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Zarino Interface Guidelines

You’re making a tool, that’s brilliant! Our UX guru, Zarino, has worked out some of the hard details so you don’t have to.

Naming your tool

Tool names should start with a verb

Examples of good tool names include:

  • Upload a spreadsheet
  • Code in your browser
  • Search for Tweets
  • Import LinkedIn connections

Try to keep the name short (3-4 words max). You can always expand more in the description (10 words max).

Try not to use the verb "scrape". "Import", "search" and even plain old "get" are far clearer.

Use sentence case. i.e. Only capitalise the first word, and any proper nouns.

Tool descriptions have no full stop

For example put "Sort, search and page through your data" not "Sort, search and page through your data."

When writing descriptions, think about what the user will want to know first about the tool. If you find you have lots of sentences, your description is too long.


QuickCode tools currently store data in SQLite databases.

A convention has developed whereby you can signal to other tools that a table or column should not be shown to end-users: prefixing the table or column name with an underscore.

  CREATE TABLE "example" (first_name, last_name, _ignore_this_column)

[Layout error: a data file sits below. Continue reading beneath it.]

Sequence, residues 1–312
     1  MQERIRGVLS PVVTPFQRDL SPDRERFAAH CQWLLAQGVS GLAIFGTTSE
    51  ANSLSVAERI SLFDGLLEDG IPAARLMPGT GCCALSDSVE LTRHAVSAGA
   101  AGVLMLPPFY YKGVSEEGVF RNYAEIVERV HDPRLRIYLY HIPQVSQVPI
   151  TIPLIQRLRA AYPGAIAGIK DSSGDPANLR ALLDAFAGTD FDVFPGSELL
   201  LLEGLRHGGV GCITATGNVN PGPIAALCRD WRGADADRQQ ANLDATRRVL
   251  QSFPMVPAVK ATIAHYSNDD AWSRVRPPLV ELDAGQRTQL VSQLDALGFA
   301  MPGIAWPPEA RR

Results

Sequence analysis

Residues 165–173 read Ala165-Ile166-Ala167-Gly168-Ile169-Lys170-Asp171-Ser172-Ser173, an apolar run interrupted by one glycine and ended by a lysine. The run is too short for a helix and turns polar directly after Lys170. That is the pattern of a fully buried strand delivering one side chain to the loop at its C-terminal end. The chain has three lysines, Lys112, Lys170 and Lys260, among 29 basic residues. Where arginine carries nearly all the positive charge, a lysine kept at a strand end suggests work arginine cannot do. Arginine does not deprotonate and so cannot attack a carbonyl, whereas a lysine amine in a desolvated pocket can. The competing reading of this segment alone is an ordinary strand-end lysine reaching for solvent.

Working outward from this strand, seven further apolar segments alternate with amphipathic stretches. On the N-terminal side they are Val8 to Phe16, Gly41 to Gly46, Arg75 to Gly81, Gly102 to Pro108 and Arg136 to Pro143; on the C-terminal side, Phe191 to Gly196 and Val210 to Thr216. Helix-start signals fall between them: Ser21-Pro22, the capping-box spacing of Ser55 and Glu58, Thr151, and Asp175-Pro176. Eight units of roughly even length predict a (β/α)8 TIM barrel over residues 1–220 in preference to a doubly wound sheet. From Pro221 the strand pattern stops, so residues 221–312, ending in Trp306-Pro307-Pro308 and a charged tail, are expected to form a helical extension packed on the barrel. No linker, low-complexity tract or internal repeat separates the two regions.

CREATE TABLE "_hide_this_table" (log_id, log_text)

In this way, the tables and columns are still available to tool developers and power-users, but typical end-users won’t see them.


When in doubt, use Bootstrap

Bootstrap is a CSS and Javascript framework that makes it easy to build good-looking interfaces using a handful of tags and classes. All of the Bootstrap CSS Classes and more Advanced Components are supported in QuickCode.

Remember to include Bootstrap and the QuickCode stylesheet in your HTML <head>, as described in the Documentation.

<link rel="stylesheet" href="//">
<link rel="stylesheet" href="//">
<script src="//"></script>
<script src="//"></script>

Button loading state

Where a user clicks a button in your tool, and their information is sent to the server for processing, you should add a loading class to the button, so the user knows what’s happening. You may also want to disable the button so further clicks are ignored. For example:

$('#mybutton').on('click', function(){
  $(this).attr('disabled', true)  // Disable further clicks.
  $(this).addClass('loading').html('Loading&hellip;')  // Spinny loader.

Here’s what it might look like: Loading…